|Year : 2019 | Volume
| Issue : 1 | Page : 14-15
Teaching of cardiac surgery: Learning of complex surgical skills on simulators (simulation) to acquire competency
Charles Yankah1, Francis Smit2, Carlos A Mestres3
1 German Heart Centre Berlin, Berlin, Germany; Department of Cardiothoracic Surgery, Faculty of Health Sciences, Bloemfontein, South Africa; Pan-African Society for Cardiothoracic Surgery
2 Department of Cardiothoracic Surgery, Faculty of Health Sciences, Bloemfontein, South Africa; Pan-African Society for Cardiothoracic Surgery, South Africa
3 Department of Cardiothoracic Surgery, Faculty of Health Sciences, Bloemfontein, South Africa; Pan-African Society for Cardiothoracic Surgery; Department of Surgery, University Hospital Zürich, Zürich, Switzerland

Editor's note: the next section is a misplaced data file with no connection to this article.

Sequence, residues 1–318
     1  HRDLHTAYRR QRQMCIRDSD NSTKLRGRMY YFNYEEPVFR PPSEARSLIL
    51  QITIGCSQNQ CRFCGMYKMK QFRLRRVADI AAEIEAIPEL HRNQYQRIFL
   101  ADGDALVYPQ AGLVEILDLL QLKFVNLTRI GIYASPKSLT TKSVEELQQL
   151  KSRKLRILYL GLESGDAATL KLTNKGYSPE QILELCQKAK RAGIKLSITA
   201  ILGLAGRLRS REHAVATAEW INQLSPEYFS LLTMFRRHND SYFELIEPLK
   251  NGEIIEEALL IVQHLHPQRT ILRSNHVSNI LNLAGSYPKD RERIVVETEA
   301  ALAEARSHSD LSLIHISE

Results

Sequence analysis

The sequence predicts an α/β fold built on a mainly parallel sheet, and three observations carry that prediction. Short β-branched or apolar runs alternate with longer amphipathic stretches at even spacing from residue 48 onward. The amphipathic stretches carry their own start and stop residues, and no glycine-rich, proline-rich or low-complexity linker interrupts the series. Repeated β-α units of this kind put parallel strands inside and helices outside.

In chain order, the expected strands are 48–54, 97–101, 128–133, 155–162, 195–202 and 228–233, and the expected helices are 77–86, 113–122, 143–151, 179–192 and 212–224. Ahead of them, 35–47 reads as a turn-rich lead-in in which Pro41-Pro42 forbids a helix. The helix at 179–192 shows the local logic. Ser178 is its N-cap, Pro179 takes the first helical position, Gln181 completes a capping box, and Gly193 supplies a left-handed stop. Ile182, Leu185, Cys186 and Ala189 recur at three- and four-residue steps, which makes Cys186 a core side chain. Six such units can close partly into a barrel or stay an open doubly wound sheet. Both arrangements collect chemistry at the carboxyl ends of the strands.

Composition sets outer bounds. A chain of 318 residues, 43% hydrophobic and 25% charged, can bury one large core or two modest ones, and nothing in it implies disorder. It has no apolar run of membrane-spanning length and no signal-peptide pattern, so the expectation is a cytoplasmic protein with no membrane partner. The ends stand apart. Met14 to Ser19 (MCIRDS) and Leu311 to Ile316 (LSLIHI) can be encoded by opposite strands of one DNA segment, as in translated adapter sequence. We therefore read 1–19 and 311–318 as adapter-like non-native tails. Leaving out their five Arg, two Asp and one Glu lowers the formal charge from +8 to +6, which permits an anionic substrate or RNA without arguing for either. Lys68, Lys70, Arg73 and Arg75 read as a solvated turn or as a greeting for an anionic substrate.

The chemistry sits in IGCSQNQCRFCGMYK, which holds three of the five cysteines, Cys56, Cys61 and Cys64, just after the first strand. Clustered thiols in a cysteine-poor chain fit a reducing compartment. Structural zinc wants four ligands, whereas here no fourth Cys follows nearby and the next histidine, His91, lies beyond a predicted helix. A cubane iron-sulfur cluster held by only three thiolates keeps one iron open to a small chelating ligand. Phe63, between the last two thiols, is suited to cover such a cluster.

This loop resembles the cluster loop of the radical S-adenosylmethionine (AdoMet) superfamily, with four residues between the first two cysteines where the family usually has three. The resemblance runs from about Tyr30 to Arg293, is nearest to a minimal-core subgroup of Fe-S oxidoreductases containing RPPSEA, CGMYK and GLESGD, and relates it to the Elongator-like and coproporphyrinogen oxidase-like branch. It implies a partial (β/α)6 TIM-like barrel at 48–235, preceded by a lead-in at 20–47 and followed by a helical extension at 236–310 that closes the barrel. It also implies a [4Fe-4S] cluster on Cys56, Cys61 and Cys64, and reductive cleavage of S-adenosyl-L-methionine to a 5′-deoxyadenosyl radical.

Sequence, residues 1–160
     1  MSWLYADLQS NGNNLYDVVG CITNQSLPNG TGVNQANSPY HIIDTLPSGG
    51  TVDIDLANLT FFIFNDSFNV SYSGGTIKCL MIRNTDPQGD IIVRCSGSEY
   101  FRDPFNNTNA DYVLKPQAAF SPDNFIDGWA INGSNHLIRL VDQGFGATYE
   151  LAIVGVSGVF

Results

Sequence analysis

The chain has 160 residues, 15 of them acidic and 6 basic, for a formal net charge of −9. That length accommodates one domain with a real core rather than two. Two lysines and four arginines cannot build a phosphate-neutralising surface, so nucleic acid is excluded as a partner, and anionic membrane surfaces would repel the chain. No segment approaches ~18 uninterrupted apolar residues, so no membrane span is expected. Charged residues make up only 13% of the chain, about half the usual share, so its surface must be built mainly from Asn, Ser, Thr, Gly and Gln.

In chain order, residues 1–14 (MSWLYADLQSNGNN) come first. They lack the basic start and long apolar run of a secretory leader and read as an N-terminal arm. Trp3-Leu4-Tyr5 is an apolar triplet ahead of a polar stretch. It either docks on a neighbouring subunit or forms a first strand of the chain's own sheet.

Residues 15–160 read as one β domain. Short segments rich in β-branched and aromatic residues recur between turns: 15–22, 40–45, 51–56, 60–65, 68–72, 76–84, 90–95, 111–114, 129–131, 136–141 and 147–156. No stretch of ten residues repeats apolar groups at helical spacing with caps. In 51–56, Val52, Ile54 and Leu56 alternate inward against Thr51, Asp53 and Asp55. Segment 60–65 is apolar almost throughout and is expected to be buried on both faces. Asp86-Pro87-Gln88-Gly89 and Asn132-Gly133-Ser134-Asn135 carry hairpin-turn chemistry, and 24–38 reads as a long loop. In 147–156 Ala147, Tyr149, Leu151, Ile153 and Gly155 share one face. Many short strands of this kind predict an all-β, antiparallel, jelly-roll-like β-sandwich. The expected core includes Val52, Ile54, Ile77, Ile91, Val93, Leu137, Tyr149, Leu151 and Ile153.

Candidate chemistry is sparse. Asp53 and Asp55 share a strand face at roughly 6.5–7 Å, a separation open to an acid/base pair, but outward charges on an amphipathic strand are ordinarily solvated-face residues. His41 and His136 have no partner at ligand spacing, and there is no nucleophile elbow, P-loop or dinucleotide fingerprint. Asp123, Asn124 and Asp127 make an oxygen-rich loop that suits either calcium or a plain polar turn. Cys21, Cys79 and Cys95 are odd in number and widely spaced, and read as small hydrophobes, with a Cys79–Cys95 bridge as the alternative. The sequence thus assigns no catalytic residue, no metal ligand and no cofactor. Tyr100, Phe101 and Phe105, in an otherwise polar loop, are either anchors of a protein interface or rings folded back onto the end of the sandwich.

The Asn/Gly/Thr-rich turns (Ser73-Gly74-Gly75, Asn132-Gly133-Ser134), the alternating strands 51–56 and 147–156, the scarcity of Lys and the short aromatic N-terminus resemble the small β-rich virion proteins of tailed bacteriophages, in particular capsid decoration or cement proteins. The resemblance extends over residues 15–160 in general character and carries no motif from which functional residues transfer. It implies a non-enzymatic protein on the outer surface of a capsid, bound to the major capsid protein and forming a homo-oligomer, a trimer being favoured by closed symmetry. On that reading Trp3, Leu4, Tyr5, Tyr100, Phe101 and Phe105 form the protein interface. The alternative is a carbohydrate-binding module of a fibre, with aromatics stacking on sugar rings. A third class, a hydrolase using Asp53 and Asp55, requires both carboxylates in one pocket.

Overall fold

|Date of Web Publication||1-Oct-2019|
Prof. Charles Yankah
German Heart Centre Berlin, Berlin, Germany
Source of Support: None, Conflict of Interest: None
The current restriction on surgical residents' work-hours has resulted in reduced operative exposure, making it more difficult to attain technical proficiency in complex procedures, especially in low-volume centers in Sub-Saharan Africa. The use of adjunctive biological and artificial simulators in training may help overcome these challenges.
Keywords: Cardiac surgery, simulation, skill training
|How to cite this article:|
Yankah C, Smit F, Mestres CA. Teaching of cardiac surgery: Learning of complex surgical skills on simulators (simulation) to acquire competency. Niger J Cardiovasc Thorac Surg 2019;4:14-5
|How to cite this URL:|
Yankah C, Smit F, Mestres CA. Teaching of cardiac surgery: Learning of complex surgical skills on simulators (simulation) to acquire competency. Niger J Cardiovasc Thorac Surg [serial online] 2019 [cited 2022 Aug 16];4:14-5. Available from: http://www.nigjourcvtsurg.org/text.asp?2019/4/1/14/268466